Visitor Centre for my lunch – it wasn't as crazily packed out as I thought it would be, but the jacket potatoes had run out by 1.45pm so had to make do with my second choice of Houmous and Vege toastie, but I did manage to get a window seat. I didn't want to sit outside when I discovered to my dismay that dogs are allowed on the 'terrace'. I really hope this doesn't last long – a few doggie 'accidents' or bitten child will soon put an end to that! Why would I want to spend my lunch listening to barking dogs? Come to that, why would anybody? So although I congratulate the NWT for their fabulous new education centre and stunning terrace area, I am not impressed with the dog addition idea at all!
Salthouse and Walsey Hills NOA
I parked up at Beach Road and was going to walk to Gramborough Hill, but changed my mind as there were too many people here and bouncy dogs. Re-located to Walsey Hills and walked along the bottom path to listen to a Chiffchaff singing. I couldn't see it though, never mind photograph it! I walked all round and was surprised not to see a single butterfly here. I smiled with delight when I found a single Common Lizard basking on the railway sleeper on the bank. I stood by the hide and was admiring the view, when I found myself half heartily watching what I assumed was two marsh harriers over Snipe's Pool – as they neared (note, my camera was zipped up in bag at this point) I realised, both had forked tails. Suddenly 2 awesome Red Kites were sailing over my head – directly over my head with all their stunning colours and crisp outline against the blue sky – perfect flight shots. I grappled to get the camera out and got some shots as they had passed and continued to head east at 3.40pm. Note to self: always have the camera ready!
Re-parked the car in the East Bank car park and lazily walked along the bank to see Bearded Tits. It was really pretty along here and the 'Serpentine' was full of birds including Teal, Wigeon, Shovelers, Little Egrets, Greylags, Redshanks, Pied Wagtails etc. I sat part way down the bottom of the East Bank just before the sluice on the west side, in hope of seeing Bearded Tits – I did see three fly across to the east side, but that was it. Suddenly I found myself dozing in the sunshine – lovely! Later I got up and started to walk back along the bank. A familiar face appeared... Kim and her husband Adam from work! It was weird seeing someone I work with here – you get used to seeing someone only in their uniform. Kim made me laugh when she said she had just being saying to her husband that she works with a lady called Penny who birdwatches at Cley and here I was! This was their first visit to Cley and they were really enjoying it. I ID'd some birds for them and they continued their walk to the end of the East Bank, west along to Coastguards and then back along the West Bank, Beach Road and returned along the main road – I take my hat off to them, that's a long walk!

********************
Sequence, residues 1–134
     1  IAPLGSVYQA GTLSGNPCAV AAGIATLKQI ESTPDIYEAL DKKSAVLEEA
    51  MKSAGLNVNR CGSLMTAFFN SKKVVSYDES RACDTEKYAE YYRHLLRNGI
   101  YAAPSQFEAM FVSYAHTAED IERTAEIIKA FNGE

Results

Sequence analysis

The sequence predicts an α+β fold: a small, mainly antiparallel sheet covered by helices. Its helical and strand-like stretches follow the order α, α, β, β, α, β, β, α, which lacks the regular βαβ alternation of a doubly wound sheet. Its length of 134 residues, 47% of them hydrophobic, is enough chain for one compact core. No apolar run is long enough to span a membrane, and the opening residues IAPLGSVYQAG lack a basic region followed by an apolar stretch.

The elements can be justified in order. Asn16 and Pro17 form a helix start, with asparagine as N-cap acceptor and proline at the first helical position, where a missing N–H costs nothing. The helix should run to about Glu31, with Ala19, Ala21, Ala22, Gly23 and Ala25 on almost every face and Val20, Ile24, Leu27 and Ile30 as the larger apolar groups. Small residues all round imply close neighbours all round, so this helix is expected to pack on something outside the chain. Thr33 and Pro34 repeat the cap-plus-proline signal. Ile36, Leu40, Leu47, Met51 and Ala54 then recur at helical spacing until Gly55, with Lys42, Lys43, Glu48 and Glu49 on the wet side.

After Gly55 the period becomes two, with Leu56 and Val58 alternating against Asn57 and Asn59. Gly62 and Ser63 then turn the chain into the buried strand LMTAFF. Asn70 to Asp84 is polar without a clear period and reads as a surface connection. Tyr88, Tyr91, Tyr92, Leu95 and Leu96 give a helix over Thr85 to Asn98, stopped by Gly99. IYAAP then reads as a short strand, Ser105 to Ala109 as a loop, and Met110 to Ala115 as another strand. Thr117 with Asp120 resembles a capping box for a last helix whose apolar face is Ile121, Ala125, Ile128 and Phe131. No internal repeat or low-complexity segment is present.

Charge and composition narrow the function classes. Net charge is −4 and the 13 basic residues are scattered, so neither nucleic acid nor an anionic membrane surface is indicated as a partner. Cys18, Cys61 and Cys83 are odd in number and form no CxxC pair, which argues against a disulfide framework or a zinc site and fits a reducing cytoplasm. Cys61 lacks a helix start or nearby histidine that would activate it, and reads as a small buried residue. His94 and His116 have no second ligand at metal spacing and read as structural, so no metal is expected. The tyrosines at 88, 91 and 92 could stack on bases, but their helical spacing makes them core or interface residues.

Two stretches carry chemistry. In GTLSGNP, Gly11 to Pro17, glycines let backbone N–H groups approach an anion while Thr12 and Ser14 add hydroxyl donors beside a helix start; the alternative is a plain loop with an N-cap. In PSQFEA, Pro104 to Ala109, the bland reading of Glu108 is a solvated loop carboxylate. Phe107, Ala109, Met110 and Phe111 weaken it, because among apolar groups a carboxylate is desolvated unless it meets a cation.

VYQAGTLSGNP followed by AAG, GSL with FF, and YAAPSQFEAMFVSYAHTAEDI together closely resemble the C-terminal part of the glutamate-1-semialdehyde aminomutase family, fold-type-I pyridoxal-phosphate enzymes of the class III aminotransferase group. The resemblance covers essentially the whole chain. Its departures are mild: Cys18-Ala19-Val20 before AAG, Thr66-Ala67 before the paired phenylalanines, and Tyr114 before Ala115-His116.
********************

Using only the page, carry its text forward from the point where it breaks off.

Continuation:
Dauke's Hide, Cley NWT
Whilst walking along the path to the hides I bumped into John M. who declared E.T.M was not a happy mood because of a birder dressed in bright red and hanging out of the hide flap in Bishop's Hide – oh dear! Made me chuckle. Anyway, in the hide the light was stunning, but it was absolutely freezing even with gloves on. A Water Rail raced across, but managed to capture this on the camera. Two Hares lolloped towards the hide until my annoyingly loud shutter made them re-trace their steps – bl**dy photographers!!! Lots of Avocets, Teal, Wigeon, Shelducks, Redshanks, a single Ruff, Black-headed Gulls and 10 Little Egrets. Also 3 Grey Herons flew across landing in front of Avocet Hide. A couple of Marsh Harriers scattered a few birds briefly before I left.
Fell asleep as soon as I got home and was too tired to write the blog up, hence my late update of this on Tuesday evening, sorry! Sleep beckons.
PHOTOGRAPHS TO BE ADDED